ESG Factors – What Do They Mean For The Bottom line?

Well, it’s official! The Duke and Duchess of Sussex have become partners at an ethical investment firm – so ESG factors, as we predicted, have literally reached for the stars. And with good reason! There have been hundreds of articles since the pandemic began about people’s changing attitudes to work. As a result, few can have missed the message that Millennials and Gen Z’s want different things from work. Flexibility and remote working top the lists, coming second only to the desire to work for a company that shares their ethical values and which value purpose as much as profit. 

So, it was only a matter of time before we began hearing more from companies about their environmental, social and governance (ESG) credentials. But, what does that really mean? What do ESG factors really entail? And can they possibly matter as much as profits? After all, you cannot pay your employees without profit: you cannot re-invest in the business and pay dividends to your shareholders. 

ESG – A Close-Up

Concerns around ESG factors are nothing new in themselves. The origins can be traced back as far as the 1800s. Religious groups, like the Quakers and Methodists, ran their businesses according to socially responsible principles. They even established socially responsible investment guidelines for their followers. 

More recently – harking back to just 2006 – the United Nations launched a set of six investment principles. And, it was arguably these that started the incorporation of ESG into mainstream investment practice. In short, ESG criteria judge:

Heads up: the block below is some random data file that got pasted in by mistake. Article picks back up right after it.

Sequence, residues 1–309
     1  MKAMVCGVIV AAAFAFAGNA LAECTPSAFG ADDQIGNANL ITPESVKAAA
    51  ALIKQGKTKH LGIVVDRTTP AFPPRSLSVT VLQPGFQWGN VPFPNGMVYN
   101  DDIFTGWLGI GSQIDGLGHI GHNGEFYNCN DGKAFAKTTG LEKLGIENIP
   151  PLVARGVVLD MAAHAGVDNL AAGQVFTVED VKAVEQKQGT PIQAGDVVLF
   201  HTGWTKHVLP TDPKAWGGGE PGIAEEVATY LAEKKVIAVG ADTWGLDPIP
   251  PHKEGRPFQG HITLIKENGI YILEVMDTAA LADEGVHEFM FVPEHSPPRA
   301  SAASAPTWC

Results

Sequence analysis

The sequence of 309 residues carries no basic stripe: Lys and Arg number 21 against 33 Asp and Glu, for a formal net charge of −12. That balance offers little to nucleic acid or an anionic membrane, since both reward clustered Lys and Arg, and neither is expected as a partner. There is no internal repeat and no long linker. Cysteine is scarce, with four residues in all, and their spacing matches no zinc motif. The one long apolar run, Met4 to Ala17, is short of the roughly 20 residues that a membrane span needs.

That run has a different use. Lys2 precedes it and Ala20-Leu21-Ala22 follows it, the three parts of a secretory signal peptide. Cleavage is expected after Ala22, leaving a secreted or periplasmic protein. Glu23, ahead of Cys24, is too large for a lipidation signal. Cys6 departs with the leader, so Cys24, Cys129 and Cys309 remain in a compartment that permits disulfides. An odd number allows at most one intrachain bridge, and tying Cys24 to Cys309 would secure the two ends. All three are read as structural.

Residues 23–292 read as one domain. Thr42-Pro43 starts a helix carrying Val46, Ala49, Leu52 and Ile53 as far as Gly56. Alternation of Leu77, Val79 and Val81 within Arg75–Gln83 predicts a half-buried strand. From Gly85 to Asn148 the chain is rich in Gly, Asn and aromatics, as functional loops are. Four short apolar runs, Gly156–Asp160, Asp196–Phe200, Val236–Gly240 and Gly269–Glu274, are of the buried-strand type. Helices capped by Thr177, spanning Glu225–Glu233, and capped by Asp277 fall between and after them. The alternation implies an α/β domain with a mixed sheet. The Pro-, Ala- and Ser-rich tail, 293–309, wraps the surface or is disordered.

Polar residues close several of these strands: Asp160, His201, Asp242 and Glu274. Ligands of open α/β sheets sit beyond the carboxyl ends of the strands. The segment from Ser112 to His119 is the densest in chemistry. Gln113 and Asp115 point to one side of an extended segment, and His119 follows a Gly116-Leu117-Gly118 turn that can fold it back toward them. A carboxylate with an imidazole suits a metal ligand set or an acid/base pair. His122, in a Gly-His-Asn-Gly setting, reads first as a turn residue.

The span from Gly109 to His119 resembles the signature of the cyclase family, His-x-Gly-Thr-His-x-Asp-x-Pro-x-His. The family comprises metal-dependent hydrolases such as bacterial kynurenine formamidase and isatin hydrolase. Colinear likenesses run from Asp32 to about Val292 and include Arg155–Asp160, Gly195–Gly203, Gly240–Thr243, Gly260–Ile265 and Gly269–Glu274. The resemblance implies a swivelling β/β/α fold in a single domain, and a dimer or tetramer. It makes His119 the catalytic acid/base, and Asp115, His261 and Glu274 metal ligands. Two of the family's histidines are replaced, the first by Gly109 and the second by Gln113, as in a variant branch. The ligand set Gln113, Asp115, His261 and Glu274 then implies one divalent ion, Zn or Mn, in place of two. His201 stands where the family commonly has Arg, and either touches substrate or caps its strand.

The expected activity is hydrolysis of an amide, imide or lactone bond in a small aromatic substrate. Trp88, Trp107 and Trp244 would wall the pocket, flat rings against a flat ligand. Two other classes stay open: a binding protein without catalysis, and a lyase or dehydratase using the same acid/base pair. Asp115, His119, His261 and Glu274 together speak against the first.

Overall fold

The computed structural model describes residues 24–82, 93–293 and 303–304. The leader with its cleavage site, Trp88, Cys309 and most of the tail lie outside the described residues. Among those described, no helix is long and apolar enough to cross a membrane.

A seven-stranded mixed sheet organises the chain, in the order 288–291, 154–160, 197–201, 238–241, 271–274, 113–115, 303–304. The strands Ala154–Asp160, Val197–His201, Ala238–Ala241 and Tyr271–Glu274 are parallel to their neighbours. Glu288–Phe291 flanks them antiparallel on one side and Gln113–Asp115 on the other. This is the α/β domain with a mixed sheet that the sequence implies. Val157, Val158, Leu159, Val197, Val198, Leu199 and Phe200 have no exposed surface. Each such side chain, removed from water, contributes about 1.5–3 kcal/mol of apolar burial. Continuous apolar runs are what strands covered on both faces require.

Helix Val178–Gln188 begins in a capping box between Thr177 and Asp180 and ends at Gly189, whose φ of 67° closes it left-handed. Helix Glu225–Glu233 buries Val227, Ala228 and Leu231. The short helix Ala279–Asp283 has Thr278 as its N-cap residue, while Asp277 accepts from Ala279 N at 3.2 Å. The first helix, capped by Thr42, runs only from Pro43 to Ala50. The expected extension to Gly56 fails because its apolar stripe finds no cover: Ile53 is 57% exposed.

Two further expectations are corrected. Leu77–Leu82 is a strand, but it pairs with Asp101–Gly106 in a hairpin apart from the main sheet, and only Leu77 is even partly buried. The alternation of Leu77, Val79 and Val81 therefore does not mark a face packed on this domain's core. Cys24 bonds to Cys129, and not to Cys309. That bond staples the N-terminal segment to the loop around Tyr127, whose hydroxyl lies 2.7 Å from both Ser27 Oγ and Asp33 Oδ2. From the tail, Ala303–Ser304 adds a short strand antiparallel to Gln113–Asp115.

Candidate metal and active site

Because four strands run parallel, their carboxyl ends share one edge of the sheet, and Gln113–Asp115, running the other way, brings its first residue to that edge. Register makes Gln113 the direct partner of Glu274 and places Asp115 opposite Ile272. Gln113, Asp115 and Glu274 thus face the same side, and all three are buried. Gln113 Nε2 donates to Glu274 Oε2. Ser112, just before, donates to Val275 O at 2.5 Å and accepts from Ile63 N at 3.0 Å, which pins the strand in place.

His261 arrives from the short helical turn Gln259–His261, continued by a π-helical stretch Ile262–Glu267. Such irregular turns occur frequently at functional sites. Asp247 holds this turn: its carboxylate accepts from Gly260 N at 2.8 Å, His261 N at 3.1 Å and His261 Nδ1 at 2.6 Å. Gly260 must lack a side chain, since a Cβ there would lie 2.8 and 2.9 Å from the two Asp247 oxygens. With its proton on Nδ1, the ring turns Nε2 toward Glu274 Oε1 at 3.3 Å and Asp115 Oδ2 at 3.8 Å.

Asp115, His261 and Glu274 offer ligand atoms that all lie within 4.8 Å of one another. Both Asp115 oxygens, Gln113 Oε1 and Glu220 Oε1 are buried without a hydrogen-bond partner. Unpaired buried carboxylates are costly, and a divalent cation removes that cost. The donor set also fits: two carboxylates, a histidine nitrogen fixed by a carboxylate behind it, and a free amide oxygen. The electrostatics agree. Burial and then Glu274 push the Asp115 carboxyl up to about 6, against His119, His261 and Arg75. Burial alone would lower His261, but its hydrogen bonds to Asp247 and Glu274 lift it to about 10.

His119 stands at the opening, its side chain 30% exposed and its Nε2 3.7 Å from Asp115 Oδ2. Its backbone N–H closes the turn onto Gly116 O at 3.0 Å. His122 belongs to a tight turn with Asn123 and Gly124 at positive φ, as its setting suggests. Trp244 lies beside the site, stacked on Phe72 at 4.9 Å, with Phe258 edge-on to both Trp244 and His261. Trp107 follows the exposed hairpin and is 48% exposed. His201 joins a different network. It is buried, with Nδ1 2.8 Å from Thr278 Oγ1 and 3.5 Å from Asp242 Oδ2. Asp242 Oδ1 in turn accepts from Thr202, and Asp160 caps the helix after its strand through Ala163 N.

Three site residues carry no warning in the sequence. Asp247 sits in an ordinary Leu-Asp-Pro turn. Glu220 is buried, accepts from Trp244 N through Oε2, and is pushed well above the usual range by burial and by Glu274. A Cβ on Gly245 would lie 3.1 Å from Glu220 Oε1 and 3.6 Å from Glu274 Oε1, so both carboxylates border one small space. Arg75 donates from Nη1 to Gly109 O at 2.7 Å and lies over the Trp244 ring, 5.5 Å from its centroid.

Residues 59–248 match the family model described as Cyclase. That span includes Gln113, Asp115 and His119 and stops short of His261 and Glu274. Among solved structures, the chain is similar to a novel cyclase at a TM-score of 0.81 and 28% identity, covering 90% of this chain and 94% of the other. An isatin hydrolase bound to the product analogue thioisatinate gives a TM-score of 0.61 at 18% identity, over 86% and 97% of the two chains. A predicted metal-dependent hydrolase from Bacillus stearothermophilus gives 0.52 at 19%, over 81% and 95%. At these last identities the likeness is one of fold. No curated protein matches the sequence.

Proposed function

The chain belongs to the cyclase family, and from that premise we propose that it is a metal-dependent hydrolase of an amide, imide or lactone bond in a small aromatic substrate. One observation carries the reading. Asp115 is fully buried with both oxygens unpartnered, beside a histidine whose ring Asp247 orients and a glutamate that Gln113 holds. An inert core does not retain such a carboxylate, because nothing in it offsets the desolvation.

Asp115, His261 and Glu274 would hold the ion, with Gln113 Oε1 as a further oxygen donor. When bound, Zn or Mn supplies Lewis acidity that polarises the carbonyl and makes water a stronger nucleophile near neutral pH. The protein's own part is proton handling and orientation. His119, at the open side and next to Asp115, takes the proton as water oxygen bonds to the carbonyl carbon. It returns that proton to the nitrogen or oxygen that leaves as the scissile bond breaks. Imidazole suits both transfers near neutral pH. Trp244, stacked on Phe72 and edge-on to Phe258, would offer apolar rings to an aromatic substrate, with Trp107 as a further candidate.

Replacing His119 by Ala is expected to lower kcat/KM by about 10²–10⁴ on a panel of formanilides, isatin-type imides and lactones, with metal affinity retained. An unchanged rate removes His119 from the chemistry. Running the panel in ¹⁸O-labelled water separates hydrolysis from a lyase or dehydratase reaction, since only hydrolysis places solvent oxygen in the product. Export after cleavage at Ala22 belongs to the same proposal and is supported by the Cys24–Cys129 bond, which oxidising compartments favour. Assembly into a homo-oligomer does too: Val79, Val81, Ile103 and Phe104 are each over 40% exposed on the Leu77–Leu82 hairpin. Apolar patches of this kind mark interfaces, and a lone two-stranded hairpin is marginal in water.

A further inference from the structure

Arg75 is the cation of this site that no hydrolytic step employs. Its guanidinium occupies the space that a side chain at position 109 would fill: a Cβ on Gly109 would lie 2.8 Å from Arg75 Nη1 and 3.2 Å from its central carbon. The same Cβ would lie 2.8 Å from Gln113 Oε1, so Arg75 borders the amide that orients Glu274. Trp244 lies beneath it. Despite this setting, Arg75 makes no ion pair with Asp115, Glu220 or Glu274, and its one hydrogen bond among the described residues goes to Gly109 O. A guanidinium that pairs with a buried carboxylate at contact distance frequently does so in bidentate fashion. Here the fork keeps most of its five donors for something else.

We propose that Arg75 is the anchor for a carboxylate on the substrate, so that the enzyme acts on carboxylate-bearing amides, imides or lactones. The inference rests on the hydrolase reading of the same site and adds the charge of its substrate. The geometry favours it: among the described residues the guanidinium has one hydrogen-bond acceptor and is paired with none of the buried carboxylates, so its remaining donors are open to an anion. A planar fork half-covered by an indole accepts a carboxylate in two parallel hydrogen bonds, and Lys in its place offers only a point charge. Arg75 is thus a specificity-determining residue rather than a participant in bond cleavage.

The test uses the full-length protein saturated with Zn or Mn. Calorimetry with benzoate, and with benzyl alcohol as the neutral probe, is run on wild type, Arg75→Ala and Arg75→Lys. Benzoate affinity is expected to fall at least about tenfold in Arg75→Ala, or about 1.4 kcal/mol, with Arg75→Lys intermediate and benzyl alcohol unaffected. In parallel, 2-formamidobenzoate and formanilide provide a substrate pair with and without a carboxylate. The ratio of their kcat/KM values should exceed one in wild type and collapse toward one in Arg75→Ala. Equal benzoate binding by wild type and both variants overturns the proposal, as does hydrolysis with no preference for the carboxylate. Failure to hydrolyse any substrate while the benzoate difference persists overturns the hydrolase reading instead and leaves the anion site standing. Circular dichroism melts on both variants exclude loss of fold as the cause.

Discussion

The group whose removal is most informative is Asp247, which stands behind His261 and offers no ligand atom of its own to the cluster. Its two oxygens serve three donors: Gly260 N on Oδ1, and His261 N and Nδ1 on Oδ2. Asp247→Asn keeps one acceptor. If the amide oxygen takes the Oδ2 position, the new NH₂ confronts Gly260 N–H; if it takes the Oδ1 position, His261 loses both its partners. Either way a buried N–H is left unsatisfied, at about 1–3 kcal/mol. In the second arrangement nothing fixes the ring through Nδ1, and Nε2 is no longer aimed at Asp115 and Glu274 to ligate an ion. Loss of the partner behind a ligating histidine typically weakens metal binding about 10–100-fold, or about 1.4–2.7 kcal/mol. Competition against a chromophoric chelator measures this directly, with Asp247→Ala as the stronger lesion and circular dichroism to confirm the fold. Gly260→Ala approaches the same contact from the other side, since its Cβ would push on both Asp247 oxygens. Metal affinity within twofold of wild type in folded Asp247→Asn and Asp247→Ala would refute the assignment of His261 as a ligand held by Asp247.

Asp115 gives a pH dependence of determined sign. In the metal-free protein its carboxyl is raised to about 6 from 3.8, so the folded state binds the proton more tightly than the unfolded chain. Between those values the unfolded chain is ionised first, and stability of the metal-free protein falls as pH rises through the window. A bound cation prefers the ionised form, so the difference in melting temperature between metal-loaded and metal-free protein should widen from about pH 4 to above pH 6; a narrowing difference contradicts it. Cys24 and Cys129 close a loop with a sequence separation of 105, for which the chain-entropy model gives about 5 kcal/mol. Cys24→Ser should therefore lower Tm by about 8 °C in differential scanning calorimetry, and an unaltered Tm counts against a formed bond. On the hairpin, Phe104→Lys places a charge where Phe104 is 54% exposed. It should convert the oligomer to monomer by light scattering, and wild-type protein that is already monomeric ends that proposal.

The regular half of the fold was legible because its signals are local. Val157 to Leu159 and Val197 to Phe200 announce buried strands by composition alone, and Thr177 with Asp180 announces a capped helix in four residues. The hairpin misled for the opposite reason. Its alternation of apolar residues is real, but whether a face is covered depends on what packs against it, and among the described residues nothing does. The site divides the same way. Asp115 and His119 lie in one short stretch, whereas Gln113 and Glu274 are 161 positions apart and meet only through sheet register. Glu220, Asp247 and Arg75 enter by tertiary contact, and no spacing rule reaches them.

1) How a company meets its environmental obligations

2) How it manages relationships with employees, suppliers, customers and the local community 

3) The principles, composition and behaviour of the leadership team. 

Similarly, ESG investing looks to invest in companies that can evidence those values. This brings us full circle to the generations mentioned above. Millennials and their successors not only want to work for companies that share their values, but they also want to invest in them as well. Often they want to go one step further and make investments that have a positive and measurable social and economic impact.

ESG And The Current State of Play 

“Impact investing,” as it has been dubbed, is now the fastest-growing area of responsible investment. The World Economic Forum estimated that $1tn (£730bn) of assets were committed to impact investing in 2020 alone, with the sector forecast to grow at $250bn (£183bn) annually. 

It is no surprise then, that companies are increasingly concerned about meeting their ESG obligations. Naturally, the bottom line remains important, but now both investors and employees are using other criteria to judge companies. So, we will be hearing a great deal more about ESG and ethical investing for the foreseeable future!

At Lewis Brownlee Financial Services, we are proud of our responsible investment portfolios. So, if this is something that interests you, please do give us a call on 01243 767 469, or email us from our contact page. We’d be happy to talk you through! 

Steve Burns

Written by Steve Burns

Steve is a chartered financial planner who has been with Lewis Brownlee for over 20 years, who now heads up Lewis Brownlee Financial Services. Under his directorship, the firm has established itself as a specialist provider of professional, informed and impartial advice.

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